Tuesday, January 20, 2009

LCD Monitor Buyer's Guide: Winter 2008-2009

Tips for selecting ergonomic computer monitors ...

"This article should not be viewed as a brief review of all monitors. It is beyond my power to describe all the available models even in two lines per each. Fortunately, most of them can be described as “yet another regular monitor,” so there is no reason why they should be somehow singled out in the crowd. If you need just a regular LCD monitor, you are likely to be satisfied with the very first model you see. Below I will try to give you a brief description of the current state of the market (so that you could get a notion of what is understood by a “regular monitor”) and name a few models I consider the most interesting and noteworthy. The choice of the specific model is up to you, of course.

Now that I’ve begun talking about the problem of choice, I want to spend some time answering another frequent question, “what should I look at when shopping for a monitor?” The answer splits in two: what to look at when choosing a particular model and how to check out a specific sample.

First of all, a good monitor must comply with some functionality and ergonomics requirements. I think this is even more important that the specifications such as response time and contrast ratio. A DVI interface is highly desirable even for models with low native resolutions and obligatory for resolutions above 1680x1050. A HDMI input will do, too. These interfaces are electrically compatible, so it takes just a cheap adapter to convert one into another.

The stand should provide screen height adjustment. If it does not, you must make sure that the screen is not too high. The eyes should be at the same level with the top edge of the screen to tire less. For example, ViewSonic’s monitors often have too tall stands.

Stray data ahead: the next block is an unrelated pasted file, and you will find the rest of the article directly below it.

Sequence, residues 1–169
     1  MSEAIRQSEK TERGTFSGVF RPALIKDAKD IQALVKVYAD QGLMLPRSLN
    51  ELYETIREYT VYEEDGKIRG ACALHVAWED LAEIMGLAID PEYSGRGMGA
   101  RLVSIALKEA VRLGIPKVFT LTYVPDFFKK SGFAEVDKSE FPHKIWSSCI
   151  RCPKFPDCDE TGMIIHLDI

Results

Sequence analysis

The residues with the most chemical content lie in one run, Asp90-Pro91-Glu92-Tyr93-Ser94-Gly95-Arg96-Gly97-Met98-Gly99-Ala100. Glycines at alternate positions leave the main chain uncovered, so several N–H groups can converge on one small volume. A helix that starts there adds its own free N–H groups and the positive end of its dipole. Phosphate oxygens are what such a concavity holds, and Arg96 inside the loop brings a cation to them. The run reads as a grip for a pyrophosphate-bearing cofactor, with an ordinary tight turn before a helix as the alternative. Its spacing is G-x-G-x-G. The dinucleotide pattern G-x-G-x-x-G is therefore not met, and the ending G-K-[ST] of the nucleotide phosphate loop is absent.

Ideally, the monitor’s controls are located on the front panel of the case, their labels painted with contrasting color for good readability. Otherwise, you’ll have to find the necessary button by touch when you want to adjust brightness, for example. By the way, the option of quick brightness adjustment (with a press of a single button) is very handy, but most manufacturers combine it with some color enhancement feature. The good exception is Samsung with its two strictly separated technologies MagicColor (for higher color saturation) and MagicBright (for selecting different levels of brightness). It is also desirable to have quick access (with a press of a button) to the option of smooth adjustment of brightness.

As opposed to the buttons, the Power indicator must be inconspicuous. You won’t like a super-bright blue LED located in the bottom center of the front panel if you work under dim ambient lighting.

As for the specifications, you can follow this rule: if you don’t know exactly how the particular parameter is measured and what it means, you should just disregard it. Odd as it may sound, this rule works because the monitor makers often adjust the methods of measuring the parameters of their products in such a way as to produce prettier numbers. In one case, the practical difference may be inconspicuous while the specified values differ a lot, but in the other case, the difference may be big while the values are similar. Some parameters may refer to specific applications of the monitor only. So, unless you know exactly what the specific parameter means, you should trust your eyes rather than base your choice on the specification. You can also look up in our theoretical articles or consult with experienced users about a particular parameter if you think it important."    (Continued via X-bit labs, Oleg Artamonov)    [Ergonomics Resources]

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